Another problem encountered in using lasers to sight hand-held guns is that placement of the laser switch on the gun may adversely affect operation of the gun.
The present invention is directed to the placement of a laser on a gun and a switch used to operate the laser. In one aspect of the present invention, the laser is integrally mounted below the barrel rather than on the top or to the side of the barrel. Below-barrel placement of the laser permits use of additional barrel sighting systems such as a telescopic sight. This is an advantage in the event that it is impossible or undesirable to operate the laser. Also, use with a telescopic sight may enhance the value of the laser sight. Below-barrel placement of the laser also eliminates any side-to-side unbalancing effects of the laser. Thus, the advantages of the present invention relating to laser location, are that the laser does not preclude the use of other sighting systems, and does not imbalance or adversely affect the operation of the gun. In the preferred embodiment of the present invention, the laser switch is mounted on the back of the handle such that it can be momentarily operated by the thumb of the trigger hand. The advantage of this present invention is that laser operation does not interfere with operation of the gun, and the laser sight is still convenient to operate.
These and other objects and advantages of the present invention will become better understood through a consideration of the following description taken in conjunction with the drawings in which:
FIGS. 1 and 2 are side views of a carbine or rifle having a laser sight mounted under the barrel and a switch mounted on the handle.
FIGS. 3 and 4 are top views of a carbine or rifle and
FIGS. 5 and 6 are front and back views of the same carbine.
FIGS. 7 and 8 are side views of a pistol having a laser sight mounted under the barrel and a switch mounted on the handle.
FIGS. 9 and 10 are top and bottom views of a pistol and
FIGS. 11 and 12 are front and back views of the same pistol.
FIGS. 13, 14, 15 and 16 are partial cutaways of a portion of the carbine (or rifle) or pistol which contains the laser.
As shown in FIG. 13 and 14, integral housing 20 forms an upwardly receiving portion 21 for receiving the chamber 3 and barrel 4. Also shown in those Figures as well as FIGS. 7 and 8, the receiving portion of the housing 21 extends rearwardlly and has a socket-like or receptacle-shaped portion 23 for receiving the rear portion of said chamber and barrel assembly (3 and 4). As stated previously and as shown in FIGS. 1-14, the housing has an integrally cast laser enclosure.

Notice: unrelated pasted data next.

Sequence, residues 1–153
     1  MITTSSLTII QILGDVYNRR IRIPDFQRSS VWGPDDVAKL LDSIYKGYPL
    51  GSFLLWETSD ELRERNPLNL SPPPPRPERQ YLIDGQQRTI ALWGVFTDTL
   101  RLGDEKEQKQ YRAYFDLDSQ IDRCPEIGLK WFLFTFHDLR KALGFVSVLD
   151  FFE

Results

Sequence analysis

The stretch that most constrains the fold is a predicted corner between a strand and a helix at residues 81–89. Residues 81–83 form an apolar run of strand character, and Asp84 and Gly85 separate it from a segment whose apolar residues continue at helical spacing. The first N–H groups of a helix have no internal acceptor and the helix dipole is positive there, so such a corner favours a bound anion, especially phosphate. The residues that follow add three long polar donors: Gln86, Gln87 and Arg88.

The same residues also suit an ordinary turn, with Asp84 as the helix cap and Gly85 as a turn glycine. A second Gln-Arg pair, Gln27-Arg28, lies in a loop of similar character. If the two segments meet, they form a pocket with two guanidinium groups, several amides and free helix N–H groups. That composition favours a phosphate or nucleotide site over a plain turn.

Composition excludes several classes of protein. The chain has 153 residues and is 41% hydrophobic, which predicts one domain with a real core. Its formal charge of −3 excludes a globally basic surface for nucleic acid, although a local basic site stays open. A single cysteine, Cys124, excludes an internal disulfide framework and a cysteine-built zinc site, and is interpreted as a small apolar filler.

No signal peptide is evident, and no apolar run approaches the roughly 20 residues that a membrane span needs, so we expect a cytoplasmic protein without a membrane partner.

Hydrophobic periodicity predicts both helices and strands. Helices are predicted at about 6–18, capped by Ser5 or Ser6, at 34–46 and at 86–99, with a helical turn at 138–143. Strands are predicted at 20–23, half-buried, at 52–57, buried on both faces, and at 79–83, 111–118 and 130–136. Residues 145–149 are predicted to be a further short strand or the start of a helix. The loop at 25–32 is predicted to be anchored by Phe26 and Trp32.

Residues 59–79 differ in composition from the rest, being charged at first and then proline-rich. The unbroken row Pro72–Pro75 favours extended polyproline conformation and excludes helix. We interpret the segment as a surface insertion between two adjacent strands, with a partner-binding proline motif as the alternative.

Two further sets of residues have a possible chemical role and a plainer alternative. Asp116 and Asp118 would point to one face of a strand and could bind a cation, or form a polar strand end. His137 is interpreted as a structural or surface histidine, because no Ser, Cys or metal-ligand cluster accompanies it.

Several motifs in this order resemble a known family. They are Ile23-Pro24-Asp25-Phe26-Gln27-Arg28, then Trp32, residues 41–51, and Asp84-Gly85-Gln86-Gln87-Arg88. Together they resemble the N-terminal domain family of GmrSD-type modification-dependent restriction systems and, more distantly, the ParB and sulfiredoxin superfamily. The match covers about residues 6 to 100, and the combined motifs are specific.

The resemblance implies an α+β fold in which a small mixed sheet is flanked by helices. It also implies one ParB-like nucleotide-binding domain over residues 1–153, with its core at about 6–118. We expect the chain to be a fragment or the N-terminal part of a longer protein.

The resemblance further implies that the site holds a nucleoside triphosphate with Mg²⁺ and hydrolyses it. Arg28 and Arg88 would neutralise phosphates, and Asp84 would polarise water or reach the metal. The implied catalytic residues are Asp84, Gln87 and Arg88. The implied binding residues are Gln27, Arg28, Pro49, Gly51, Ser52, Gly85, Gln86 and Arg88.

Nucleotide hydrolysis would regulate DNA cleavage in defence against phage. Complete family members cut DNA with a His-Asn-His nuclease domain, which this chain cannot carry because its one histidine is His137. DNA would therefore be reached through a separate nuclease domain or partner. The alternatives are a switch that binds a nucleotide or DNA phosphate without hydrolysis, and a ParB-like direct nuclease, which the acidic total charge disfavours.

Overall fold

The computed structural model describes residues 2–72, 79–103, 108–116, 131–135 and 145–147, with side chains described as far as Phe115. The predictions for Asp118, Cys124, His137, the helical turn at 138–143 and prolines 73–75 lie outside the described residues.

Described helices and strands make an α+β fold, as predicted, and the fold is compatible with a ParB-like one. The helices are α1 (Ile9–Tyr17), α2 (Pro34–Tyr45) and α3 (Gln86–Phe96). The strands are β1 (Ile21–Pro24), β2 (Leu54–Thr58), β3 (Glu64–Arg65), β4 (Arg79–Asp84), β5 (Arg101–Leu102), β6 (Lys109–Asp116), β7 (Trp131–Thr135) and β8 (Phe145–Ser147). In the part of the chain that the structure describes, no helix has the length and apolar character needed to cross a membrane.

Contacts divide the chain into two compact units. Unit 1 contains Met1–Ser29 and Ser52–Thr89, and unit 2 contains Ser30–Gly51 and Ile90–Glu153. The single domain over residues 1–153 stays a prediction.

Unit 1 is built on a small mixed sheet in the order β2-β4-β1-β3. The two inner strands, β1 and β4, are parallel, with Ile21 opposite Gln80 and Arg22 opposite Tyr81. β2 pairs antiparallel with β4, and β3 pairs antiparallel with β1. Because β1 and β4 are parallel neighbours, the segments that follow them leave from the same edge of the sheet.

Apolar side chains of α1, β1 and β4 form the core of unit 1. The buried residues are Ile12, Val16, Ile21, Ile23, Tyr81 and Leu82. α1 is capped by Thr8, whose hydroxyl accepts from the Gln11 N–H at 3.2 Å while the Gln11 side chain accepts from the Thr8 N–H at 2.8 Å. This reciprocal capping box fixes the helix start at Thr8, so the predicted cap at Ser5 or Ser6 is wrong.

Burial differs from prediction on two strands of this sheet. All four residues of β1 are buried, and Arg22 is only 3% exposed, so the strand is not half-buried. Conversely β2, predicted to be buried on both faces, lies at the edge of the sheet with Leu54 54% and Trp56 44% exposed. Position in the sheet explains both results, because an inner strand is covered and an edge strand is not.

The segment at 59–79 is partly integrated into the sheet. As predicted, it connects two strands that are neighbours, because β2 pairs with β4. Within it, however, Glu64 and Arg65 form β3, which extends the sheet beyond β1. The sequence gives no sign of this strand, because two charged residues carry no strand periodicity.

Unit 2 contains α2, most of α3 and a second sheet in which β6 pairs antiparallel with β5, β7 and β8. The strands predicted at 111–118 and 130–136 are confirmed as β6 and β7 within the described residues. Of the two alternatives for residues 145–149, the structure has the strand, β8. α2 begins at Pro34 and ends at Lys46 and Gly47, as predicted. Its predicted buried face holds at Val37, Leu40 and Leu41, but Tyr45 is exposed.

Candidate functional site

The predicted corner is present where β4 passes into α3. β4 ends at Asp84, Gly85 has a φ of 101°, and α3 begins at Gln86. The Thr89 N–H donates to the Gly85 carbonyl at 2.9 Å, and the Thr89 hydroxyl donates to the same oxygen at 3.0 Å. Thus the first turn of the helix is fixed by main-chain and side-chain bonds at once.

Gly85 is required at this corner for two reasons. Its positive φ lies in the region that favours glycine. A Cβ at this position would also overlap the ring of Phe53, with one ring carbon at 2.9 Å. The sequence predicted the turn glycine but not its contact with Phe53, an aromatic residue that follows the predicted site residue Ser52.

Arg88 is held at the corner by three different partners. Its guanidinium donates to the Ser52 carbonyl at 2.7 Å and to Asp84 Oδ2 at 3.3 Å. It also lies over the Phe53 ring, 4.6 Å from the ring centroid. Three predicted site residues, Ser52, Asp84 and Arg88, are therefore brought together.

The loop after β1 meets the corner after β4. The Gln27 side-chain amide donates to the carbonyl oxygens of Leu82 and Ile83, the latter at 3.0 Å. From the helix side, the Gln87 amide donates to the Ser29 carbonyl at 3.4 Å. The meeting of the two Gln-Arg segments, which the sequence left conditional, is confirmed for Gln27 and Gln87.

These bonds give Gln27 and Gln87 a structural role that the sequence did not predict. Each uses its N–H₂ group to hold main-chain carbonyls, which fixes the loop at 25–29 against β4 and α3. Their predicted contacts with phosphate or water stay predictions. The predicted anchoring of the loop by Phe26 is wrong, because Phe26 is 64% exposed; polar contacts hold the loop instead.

Turning now to the drawings, in FIG. 1, a carbine or rifle 1 is comprised generally of a stock 2, a chamber 3, a barrel 4, a handle or pistol grip 5, a trigger 6, and a trigger guard 7. These are built integrally with a housing 20. The barrel 4 has a front 4a and a back 4b, a top 4c and a bottom 4d. The handle or pistol grip 5 has a front 5a, a back 5b, a top 5c and a bottom 5d. Visual sights 8, 9 are mounted on the top 4c of the barrel 4 and housing 20 adjacent to the connection of the stock. As shown principally in FIGS. 13 and 14, laser assembly 10 is mounted integrally on the housing 20 and below barrel 4. In the presently preferred embodiment, laser assembly 10 is shown forward of and juxtaposing the trigger guard 7. However, it will be apparent to those skilled in the art that many different types and configurations of lasers may be used. Laser assembly 10 is comprised of laser 22, typically powered by a 7.0 V battery 24. Contact 26 and end cap 28 complete the assembly with the end cap having threads for engaging mating threads on the tubular container for the laser assembly. The laser assembly 10 is affixed to the housing 20 via bolts 30. Wires 32 connect the laser to switch 34. It will also be apparent that the laser assembly 10 need not be mounted in exactly the same position as shown. It is within the spirit and scope of this invention for the laser 10 to be mounted at any position integrally under the barrel, including placement more towards the front 4a of the barrel 4, and also in a position under the barrel 4 in which the laser 10 does not physically touch the barrel 4.